No apologies for not having posted in so long. My excuse is the same one I use to excuse my scrapbooking – I’m too busy living life to spend time documenting it! But memories fade, and I do want to remember this year in particular – so here we go again anyways.

Since I last posted here, much has happened. We sold our house in July of 2013, and bought a condo that will not be ready until September 2015. So, much of our personal “stuff” was sold off, donated or gifted upon others. Sometimes forcibly. For one memorable week, no visitor could leave the house without taking something with them, no matter how hard they protested. Finally, the remainder of the “stuff” went into long-term storage.

Since last July, we have couch-surfed and housesat our way through a succession of other people’s homes. We are amazed by how much Canadian real estate is vacant at any given time. Although we understand very well why people disappeared this recent viciously cold winter!

Yesterday was day 261 of being “Home-Loose.” That’s a term I like from the internet, a mash-up of being homeless and footloose. It describes the way we feel. We started a 60-day vacation in the United Kingdom, flying from Toronto to Birmingham, England, via Dublin. From Birmingham we took a roundabout train to Peterborough, where our hostess Sarah, our friend of many years, met us and drove us to her home in Huntingdon, near Cambridge, England. It was a long trip with a number of delays – but all part of the adventure.

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Our Aer Lingus airplane glints in the sunset as we fly over still snowbound eastern Canada.

 

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Barry drags everything we own for our two-month stay in the UK alongside our train on arrival in Peterborough.

 

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We were so glad to see Sarah meeting our train in Peterborough with her custom sign!

I was going on 34+ hours of sleeplessness when Sarah and I left Barry on his own to attend the monthly meeting of the Cromwell Quilters, but I wasn’t about to miss it! She is the president of the guild, and a powerful combination of introverted and determined, which explains how I was pressed into giving the “thank-you” to the speaker at the end of the meeting.

Sarah introduced me to Susan and we helped her unload her quilts and her Sashiko quilting supplies for a small sales table. That’s when I noticed her books – literally, HER books, which included the familiar “The 1718 Coverlet,” which details the oldest known dated patchwork quilt.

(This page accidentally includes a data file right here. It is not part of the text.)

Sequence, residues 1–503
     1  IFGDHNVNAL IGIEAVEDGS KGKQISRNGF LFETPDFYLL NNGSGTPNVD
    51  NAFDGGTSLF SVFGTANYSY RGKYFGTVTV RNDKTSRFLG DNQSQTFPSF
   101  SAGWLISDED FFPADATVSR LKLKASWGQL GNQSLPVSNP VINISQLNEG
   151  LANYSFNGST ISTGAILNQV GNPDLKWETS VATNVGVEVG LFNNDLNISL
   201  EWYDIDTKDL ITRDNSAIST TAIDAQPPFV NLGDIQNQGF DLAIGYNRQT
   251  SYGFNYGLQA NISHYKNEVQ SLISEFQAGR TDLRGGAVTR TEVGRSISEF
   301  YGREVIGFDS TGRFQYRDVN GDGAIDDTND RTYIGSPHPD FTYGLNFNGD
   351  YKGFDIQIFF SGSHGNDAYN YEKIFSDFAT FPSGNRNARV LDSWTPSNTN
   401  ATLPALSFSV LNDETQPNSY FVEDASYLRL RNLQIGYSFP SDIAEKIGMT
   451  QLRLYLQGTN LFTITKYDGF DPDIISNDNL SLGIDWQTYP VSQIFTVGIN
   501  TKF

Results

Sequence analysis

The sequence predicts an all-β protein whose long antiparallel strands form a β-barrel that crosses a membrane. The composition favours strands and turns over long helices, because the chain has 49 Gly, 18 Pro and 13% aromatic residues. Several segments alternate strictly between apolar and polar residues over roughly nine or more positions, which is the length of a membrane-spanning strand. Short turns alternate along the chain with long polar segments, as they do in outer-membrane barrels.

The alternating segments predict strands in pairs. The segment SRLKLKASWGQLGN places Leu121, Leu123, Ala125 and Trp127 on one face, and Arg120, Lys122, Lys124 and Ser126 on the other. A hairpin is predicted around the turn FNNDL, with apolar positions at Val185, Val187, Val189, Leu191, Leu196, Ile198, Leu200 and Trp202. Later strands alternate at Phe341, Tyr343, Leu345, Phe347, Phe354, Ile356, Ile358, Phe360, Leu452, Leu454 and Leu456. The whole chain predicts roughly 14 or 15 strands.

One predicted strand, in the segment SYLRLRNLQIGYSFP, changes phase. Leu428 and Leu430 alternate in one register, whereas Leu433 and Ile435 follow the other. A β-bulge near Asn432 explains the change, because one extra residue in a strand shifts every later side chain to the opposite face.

I was about to find out that Susan’s enduring passion is Sashiko quilting, ignited when she first travelled to Japan as a teacher years ago. Her trunk show was full of treasures – samples of her work over the years.

Here is more information about the 1718 Patchwork Coverlet: http://www.quiltmuseum.org.uk/blog/quilt-history-articles/01265.html

Here is Susan’s official website: http://www.susanbriscoe.co.uk
And her book: http://www.amazon.co.uk/The-1718-Coverlet-patchwork-coverlet/dp/1446304434

Susan says she would come to Canada if invited – so if you are interested in inviting her, let me know, and we’ll have her come to The Common Thread as well at the same time!  (Click on the thumbnails for a larger image.)

Today Barry and I took it easy, going out for a walk to re-set our internal clocks.  We had tea (for me) at a local pub, The King of the Belgians, which dates back to 1541 and is said to have been Oliver Cromwell’s favourite spot.  He was born and lived in Huntingdon.   Originally known as the King of the Prussians, its name changed after WW1 when Belgium annexed most of Prussia.  It is still largely original, with low windows and ceilings that barely clear a tall person’s head, wooden beams – everything you think an English pub should be, right down to the small rooms filled with a friendly crowd of people and a dalmatian lying at his master’s feet.  If we were to go there three times in the same week, we’d all be on a first-name basis.

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All the houses on Owl Drive have hand-painted numbers.
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16th century manor farmhouse – now on the busy Main Street of Huntingdon.
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Willow tree and people enjoying the sunny day along the River Great Ouse, Huntingdon.
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All Saints, Hartford, parts of which date back to 1180. Photo credit: Barry Walker

We finished the evening at the other local pub, the Barley Mow, an up to date spot with plenty of head room, windows that open and modern lighting.  Several of Sarah’s friends joined us for an excellent fish pie supper with an IPA ale (for me), and between the 7 of us  managed to come in dead last of 22 teams at the trivia game.  (Tonight’s helpful fact:  the name of the capital city of Hell, according to the Greeks, was Pandemonium.)

 

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